________________ CM . . . . Volume XI Number 8 . . . . December 10, 2004


It Couldn't Be Worse.

Vlasta van Kampen.
Toronto, ON: Annick Press, 2003.
32 pp., pbk. & cl., $7.95 (pbk.), $18.95 (cl.).
ISBN 1-55037-782-5 (pbk.), ISBN 1-55037-783-3 (cl.).

Preschool-grade 2 / Ages 4-7.

Review by Irene Schlarb.

*** /4


The fishmonger smiled and told her to take their sheep into the house. Then things would get better. As the woman and her husband pushed and pulled and finally got the sheep into the house, they could only agree that the fishmonger was such a wise man. The next day the frazzled woman hurried back to the fishmonger. She told him that things couldn't be worse!

internal artIt Couldn't Be Worse describes itself as an adaptation of a classic folktale and appears to be based on It Could Always Be Worse, a Yiddish Folktale retold by Margot Zemach. In this version, it is the farmer's wife, not the farmer, who goes out seeking advice about the family's unhappy situation in their tiny one room house: the noise! the quarrelling! the fighting! In this version, instead of the rabbi who gives advice in Zemach's tale, advice is sought from the local fishmonger because, hadn't the fish monger sailed the seven seas and from all of his adventures gathered wisdom in such matters?. As in the Zemach version, the advice received each time the fishmonger's counsel is sought is to take an additional animal into the house. Beginning with the goat, then the sheep, the pig, the chickens, and finally the cow, the farmer's wife follows the fishmonger's advice though the situation progressively worsens. His final advice, to take all of the animals out of the house, produces the desired result: it was much better than before! There was no quarreling and no fighting and plenty of room for everyone. Although purists may prefer the traditional folktale wording, it could always be worse, the joy and humour of the illustrations make up for the change in the wording. Van Kampen's watercolour illustrations make this book. Children will enjoy looking for all the idiosyncrasies depicted in the illustrations: the animals taking turns riding downhill in the wagon, and then grandma as well as the family also taking a turn, the sheep knitting a scarf, the cow playing the harmonica, the sheep mixing up a batter, etc.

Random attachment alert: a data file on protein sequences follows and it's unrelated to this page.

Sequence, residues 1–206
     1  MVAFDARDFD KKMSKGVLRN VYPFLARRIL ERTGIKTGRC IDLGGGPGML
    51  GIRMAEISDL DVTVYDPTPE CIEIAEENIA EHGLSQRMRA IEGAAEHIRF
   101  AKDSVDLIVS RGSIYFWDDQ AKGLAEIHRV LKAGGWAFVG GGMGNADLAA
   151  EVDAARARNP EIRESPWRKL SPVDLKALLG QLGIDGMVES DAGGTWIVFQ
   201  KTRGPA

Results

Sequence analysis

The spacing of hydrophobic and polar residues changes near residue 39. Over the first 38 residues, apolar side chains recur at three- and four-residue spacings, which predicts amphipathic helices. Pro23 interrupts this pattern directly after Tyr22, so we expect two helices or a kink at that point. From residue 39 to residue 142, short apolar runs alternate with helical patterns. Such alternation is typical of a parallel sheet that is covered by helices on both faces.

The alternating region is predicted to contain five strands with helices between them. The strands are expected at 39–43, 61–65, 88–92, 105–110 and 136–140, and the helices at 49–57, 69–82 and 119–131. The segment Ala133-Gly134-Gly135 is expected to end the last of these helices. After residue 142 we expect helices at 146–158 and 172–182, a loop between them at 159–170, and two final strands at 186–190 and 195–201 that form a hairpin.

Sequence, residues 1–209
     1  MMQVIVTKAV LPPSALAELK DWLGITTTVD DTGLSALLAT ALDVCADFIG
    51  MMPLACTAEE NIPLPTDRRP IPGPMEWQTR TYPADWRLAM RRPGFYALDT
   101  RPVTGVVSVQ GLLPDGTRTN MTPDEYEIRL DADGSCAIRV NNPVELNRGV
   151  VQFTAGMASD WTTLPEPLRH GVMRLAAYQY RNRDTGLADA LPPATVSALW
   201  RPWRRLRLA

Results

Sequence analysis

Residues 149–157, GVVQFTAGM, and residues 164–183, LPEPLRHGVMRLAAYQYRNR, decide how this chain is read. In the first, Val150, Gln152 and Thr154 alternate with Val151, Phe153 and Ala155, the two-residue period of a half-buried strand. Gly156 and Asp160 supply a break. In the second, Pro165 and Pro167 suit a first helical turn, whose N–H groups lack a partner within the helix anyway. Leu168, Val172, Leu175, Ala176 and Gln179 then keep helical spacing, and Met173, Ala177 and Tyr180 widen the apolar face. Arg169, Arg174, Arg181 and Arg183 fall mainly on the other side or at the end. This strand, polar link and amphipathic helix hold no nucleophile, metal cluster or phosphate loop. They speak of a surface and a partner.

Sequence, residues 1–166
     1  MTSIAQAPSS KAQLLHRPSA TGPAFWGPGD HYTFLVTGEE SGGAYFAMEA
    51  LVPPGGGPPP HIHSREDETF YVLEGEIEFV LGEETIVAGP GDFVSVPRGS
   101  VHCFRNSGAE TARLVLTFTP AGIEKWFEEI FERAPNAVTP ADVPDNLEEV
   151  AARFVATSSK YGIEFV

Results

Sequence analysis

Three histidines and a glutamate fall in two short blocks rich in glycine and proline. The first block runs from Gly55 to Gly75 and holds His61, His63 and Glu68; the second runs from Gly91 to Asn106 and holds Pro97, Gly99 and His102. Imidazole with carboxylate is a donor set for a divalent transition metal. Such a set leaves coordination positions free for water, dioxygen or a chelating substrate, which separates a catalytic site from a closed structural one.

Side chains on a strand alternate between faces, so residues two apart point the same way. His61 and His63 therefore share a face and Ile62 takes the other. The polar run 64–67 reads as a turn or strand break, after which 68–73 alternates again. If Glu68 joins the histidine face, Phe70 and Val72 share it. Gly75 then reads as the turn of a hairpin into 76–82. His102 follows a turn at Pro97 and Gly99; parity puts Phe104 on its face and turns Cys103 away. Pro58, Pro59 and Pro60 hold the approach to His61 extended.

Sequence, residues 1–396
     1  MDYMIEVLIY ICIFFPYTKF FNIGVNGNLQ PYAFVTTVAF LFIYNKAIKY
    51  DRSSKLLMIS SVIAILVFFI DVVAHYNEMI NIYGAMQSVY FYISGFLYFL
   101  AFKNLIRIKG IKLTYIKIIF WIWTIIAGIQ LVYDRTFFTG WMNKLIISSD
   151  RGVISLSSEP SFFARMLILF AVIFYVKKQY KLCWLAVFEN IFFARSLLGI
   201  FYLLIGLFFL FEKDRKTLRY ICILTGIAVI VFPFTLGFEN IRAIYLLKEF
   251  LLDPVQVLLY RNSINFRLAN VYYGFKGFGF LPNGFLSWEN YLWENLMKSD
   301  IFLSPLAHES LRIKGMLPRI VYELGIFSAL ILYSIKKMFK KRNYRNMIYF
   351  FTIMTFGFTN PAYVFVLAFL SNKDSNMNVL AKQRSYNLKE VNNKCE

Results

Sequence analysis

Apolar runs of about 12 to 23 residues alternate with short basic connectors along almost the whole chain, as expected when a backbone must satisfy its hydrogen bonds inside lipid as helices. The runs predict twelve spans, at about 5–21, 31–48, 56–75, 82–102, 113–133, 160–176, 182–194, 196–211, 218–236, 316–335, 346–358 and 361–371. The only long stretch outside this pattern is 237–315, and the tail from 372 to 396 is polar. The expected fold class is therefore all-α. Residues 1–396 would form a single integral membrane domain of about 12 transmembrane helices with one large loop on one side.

Irene Schlarb is a teacher-librarian in Winnipeg, MB.

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